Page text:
Evidence from a six-year study of various Johann Sebastian Bach manuscripts suggests that Bach did not compose the highly acclaimed Six Cello Suites.
Charles Darwin University’s Associate Professor Martin Jarvis (pictured) is about to travel to the Longy School of Music in Boston in the USA to present his paper: “Who wrote the Bach Cello Suites?” following his heralded study of the celebrated composition.
Dr Jarvis’ study used, for the first time, the principles and techniques of the science of forensic document examination.
“The fact that some of Bach's most significant works do not exist in his handwriting but in the handwriting of, for example in the case of the Cello Suites, Anna Magdalena his second wife, we are left with a mystery and a question: why is this so?” he said.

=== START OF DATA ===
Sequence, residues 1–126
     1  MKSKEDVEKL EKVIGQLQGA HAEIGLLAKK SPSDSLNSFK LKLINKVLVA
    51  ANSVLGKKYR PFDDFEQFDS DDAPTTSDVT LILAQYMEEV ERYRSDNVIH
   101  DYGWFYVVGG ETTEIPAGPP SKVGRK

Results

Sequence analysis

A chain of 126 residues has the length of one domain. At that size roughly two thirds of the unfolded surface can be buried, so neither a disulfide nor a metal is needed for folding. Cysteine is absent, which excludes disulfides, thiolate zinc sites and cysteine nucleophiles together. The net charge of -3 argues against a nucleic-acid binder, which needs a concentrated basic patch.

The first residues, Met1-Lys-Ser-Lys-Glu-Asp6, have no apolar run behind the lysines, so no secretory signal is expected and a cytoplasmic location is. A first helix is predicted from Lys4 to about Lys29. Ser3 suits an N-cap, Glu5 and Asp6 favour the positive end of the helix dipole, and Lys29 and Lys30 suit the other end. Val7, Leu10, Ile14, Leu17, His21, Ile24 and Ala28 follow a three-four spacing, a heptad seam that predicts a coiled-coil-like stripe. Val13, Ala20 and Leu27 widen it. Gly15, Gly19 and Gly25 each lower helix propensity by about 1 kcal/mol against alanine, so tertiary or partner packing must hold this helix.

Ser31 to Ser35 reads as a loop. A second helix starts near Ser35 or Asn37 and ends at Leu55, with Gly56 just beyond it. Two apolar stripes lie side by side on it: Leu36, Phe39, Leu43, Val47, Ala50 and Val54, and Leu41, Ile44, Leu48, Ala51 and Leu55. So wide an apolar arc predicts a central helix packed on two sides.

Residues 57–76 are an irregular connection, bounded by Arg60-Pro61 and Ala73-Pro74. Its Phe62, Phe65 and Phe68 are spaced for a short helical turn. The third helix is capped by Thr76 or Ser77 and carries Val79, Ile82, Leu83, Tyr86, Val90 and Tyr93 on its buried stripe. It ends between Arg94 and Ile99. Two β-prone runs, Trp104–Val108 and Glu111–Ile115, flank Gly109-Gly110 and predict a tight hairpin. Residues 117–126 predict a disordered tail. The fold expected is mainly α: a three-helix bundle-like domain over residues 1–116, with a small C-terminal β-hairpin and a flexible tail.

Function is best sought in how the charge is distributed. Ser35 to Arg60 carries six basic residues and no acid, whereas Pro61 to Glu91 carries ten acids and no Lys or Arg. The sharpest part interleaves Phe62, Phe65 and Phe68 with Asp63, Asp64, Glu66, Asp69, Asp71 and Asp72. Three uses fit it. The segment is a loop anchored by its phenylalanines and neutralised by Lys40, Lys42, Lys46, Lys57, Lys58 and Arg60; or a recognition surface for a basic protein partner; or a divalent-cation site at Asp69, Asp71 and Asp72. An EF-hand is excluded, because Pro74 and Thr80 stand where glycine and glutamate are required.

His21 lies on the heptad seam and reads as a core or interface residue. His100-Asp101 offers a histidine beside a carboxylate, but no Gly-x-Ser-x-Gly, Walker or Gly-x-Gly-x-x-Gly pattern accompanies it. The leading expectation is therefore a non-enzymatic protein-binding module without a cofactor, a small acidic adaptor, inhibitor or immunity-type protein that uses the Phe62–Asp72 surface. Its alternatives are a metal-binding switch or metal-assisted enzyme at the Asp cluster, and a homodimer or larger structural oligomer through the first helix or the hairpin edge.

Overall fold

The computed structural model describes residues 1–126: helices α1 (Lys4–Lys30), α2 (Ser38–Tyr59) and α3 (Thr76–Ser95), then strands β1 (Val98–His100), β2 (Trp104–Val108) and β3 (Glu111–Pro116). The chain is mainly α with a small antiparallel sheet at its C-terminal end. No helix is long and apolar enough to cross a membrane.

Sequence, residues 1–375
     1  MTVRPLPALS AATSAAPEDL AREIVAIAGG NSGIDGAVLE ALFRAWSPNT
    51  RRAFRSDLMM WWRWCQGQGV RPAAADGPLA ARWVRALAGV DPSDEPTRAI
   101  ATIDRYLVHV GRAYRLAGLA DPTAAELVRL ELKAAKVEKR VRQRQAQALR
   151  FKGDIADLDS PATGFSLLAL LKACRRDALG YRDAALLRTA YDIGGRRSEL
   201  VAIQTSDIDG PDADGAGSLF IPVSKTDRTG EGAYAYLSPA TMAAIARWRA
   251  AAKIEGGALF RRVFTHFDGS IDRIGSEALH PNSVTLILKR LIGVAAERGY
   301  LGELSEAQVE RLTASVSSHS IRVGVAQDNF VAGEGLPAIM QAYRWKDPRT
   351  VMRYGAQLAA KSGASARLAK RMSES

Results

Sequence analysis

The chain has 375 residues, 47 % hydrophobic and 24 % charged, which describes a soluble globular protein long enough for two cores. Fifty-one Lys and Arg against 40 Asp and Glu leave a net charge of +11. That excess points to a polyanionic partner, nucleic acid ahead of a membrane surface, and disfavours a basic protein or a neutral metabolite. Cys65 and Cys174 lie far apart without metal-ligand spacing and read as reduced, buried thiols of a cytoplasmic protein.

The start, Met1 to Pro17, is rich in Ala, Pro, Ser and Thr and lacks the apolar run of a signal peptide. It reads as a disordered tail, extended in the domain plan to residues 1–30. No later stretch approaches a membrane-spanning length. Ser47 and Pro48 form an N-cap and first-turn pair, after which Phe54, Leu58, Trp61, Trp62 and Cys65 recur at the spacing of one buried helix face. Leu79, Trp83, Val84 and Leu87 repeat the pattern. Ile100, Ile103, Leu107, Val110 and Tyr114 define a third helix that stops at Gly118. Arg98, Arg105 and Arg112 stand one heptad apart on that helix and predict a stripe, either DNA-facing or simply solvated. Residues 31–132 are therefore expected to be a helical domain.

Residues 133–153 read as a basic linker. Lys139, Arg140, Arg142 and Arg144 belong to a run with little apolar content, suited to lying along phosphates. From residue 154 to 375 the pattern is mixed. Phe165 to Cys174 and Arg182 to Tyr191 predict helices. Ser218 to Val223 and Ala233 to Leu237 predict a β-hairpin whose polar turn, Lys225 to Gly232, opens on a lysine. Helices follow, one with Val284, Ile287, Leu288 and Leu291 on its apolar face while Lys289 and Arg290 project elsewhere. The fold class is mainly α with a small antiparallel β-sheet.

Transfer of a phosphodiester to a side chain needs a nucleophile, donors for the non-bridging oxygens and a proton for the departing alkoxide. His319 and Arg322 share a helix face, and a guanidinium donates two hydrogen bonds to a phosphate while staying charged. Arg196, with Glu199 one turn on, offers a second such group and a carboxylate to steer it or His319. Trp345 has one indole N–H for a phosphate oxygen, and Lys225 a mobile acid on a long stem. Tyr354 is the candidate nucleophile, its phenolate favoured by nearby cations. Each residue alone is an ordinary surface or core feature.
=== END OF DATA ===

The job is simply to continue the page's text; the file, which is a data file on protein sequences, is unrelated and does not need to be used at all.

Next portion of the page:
“My research shows that the traditional view that Anna Magdalena was simply a copyist of her husband’s music is not likely to be the case, and that it is more likely that she was much more, that is a composer herself and probably the composer of the Cello Suites and other works attributed to her husband.
“Using BWV1127, the manuscript discovered in 2005 at Weimar, I will explore (in the Boston paper) how the techniques of scientific investigation can be applied to the Cello Suites to establish authorship.”
Dr Jarvis will present his paper 'Who Wrote the Bach Cello Suites?' at the Longy School of Music in Boston next Monday, 27 October.